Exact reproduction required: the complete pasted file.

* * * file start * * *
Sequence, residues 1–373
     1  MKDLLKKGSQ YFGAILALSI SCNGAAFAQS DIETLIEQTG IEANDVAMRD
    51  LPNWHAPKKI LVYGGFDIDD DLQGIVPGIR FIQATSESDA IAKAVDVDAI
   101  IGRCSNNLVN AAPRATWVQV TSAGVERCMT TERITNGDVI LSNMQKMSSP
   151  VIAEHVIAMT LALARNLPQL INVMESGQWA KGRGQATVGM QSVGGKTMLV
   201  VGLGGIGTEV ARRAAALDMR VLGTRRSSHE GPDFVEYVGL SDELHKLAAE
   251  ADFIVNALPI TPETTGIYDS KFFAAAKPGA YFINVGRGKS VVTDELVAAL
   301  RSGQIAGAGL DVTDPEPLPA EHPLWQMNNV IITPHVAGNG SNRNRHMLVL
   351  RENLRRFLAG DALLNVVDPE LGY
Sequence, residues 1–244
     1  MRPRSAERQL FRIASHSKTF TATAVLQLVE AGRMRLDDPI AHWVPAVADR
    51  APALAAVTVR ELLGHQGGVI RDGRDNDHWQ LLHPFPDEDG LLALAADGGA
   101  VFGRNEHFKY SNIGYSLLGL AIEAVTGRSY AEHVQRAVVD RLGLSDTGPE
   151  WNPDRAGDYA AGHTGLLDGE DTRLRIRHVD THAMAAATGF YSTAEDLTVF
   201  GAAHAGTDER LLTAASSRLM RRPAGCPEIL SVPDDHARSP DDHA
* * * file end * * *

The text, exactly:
Sequence, residues 1–373
     1  MKDLLKKGSQ YFGAILALSI SCNGAAFAQS DIETLIEQTG IEANDVAMRD
    51  LPNWHAPKKI LVYGGFDIDD DLQGIVPGIR FIQATSESDA IAKAVDVDAI
   101  IGRCSNNLVN AAPRATWVQV TSAGVERCMT TERITNGDVI LSNMQKMSSP
   151  VIAEHVIAMT LALARNLPQL INVMESGQWA KGRGQATVGM QSVGGKTMLV
   201  VGLGGIGTEV ARRAAALDMR VLGTRRSSHE GPDFVEYVGL SDELHKLAAE
   251  ADFIVNALPI TPETTGIYDS KFFAAAKPGA YFINVGRGKS VVTDELVAAL
   301  RSGQIAGAGL DVTDPEPLPA EHPLWQMNNV IITPHVAGNG SNRNRHMLVL
   351  RENLRRFLAG DALLNVVDPE LGY
Sequence, residues 1–244
     1  MRPRSAERQL FRIASHSKTF TATAVLQLVE AGRMRLDDPI AHWVPAVADR
    51  APALAAVTVR ELLGHQGGVI RDGRDNDHWQ LLHPFPDEDG LLALAADGGA
   101  VFGRNEHFKY SNIGYSLLGL AIEAVTGRSY AEHVQRAVVD RLGLSDTGPE
   151  WNPDRAGDYA AGHTGLLDGE DTRLRIRHVD THAMAAATGF YSTAEDLTVF
   201  GAAHAGTDER LLTAASSRLM RRPAGCPEIL SVPDDHARSP DDHA